Film review: "Southside with You"

Film review: "Southside with You"

Dramatizing the first date between Michelle Robinson and Barack Obama, "Southside with You" plays first and foremost as a smart, simple romance.

Film review: "Equity"

Over the years, we've gotten plenty of films about the cutthroat world of high finance, but from "Wall Street" to "The Big Short," they're all typically male-centric affairs. The fact that "Equity" is the practically unheard of financial thriller told from the female perspective immediately distinguishes itself from the pack.

Film review: "Don't Think Twice"

Comedian Mike Birbiglia made headlines a few weeks back when he took to Twitter to express his frustration with the MPAA's decision to slap his latest film, "Don't Think Twice," with an "R" rating simply because the film had a couple scenes in which adults smoke pot. Meanwhile, Birbiglia argued, a film like "Suicide Squad" can be loaded with non-stop violence (however bloodless), show characters being decapitated, mowed down by machine guns, swords, and bombs, and only merit a "PG-13."

Film review: "Kubo and the Two Strings"

Paper trail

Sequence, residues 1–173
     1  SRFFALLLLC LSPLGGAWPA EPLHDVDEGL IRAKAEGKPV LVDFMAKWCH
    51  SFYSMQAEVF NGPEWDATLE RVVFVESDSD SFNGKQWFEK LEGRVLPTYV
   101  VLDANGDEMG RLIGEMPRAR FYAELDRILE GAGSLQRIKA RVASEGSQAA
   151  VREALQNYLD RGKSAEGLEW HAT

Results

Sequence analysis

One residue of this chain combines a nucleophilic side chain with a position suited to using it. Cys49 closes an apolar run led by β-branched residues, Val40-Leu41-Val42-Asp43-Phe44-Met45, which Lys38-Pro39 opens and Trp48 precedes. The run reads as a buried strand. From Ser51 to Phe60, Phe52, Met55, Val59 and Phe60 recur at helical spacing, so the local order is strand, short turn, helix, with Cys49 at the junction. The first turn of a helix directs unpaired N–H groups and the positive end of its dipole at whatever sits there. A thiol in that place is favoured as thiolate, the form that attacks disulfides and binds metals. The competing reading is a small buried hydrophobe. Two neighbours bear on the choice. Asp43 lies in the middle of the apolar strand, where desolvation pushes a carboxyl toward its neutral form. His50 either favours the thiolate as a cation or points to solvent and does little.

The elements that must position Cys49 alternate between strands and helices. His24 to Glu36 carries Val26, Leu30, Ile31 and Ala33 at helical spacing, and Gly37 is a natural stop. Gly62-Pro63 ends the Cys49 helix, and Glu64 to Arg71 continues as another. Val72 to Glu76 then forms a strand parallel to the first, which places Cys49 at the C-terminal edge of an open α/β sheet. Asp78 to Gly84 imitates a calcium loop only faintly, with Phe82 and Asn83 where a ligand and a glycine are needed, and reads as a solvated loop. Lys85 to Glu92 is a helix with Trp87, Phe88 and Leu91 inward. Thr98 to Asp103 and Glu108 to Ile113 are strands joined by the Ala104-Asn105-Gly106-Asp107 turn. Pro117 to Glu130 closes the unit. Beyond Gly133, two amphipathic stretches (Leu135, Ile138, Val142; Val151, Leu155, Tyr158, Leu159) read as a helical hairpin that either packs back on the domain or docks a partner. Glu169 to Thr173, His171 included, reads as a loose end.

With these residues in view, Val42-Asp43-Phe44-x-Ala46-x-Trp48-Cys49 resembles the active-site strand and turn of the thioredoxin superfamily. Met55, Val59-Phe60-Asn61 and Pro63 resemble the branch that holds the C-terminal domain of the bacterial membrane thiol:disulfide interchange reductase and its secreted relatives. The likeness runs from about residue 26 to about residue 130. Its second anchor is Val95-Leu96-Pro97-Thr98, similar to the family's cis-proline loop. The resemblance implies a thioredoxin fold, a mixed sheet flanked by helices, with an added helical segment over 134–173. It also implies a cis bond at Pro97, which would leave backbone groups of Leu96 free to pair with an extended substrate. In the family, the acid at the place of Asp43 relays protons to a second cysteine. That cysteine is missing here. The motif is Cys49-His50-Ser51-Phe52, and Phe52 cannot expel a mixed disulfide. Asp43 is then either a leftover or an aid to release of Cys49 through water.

The latest from Laika is a visually stunning and wildly entertaining ode to the power of storytelling

Film review: "Hell or High Water"

Two down-on-their luck brothers turn to small-time bank robbing in order to secure enough money to keep themselves afloat in "Hell or High Water," British director David Mackenzie's excellent modern Texas noir. In debt and facing foreclosure on their family ranch, Toby (Chris Pine) and his reckless ex-con brother, Tanner (Ben Foster), see their crimes as a rather poetic solution to their troubles: They can raise the necessary money while getting it over on the same banks that have been sucking them dry all their lives.

Film review: "Our Little Sister"

From Japanese filmmaker Hirokazu Koreeda ("After Life," "Still Walking") comes "Our Little Sister," a sweet, sensitive family drama based on the popular manga "Umimachi Diary," by Akimi Yoshida. The story revolves around the lives of three sisters: responsible, motherly Sachi (Haruka Ayase), fun-loving Yoshino (Masami Nagasawa), and oddball Chika (Kaho), living together in their grandmother's house.

Film review: "Pete's Dragon"

With its gentle tone, "Pete's Dragon" would make a pretty spectacular first movie-going experience for any young child (though adults will get plenty out of it as well -- it's probably a good idea to bring tissues).

Film review: "Nuts"

In Milford, Kansas, in 1918, Dr. John R. Brinkley came up with the novel (insane) idea that he might be able to cure impotence by transplanting goat testicles into the bodies of humans. Shockingly, Brinkley's experimental surgery actually caught on, earning him widespread admiration and the approval of luminaries such as Buster Keaton, William Jennings Bryan, and Rudolph Valentino, even as his practices turned him into the arch-nemesis of the American Medical Association.

Film review: "Suicide Squad"

Dead on arrival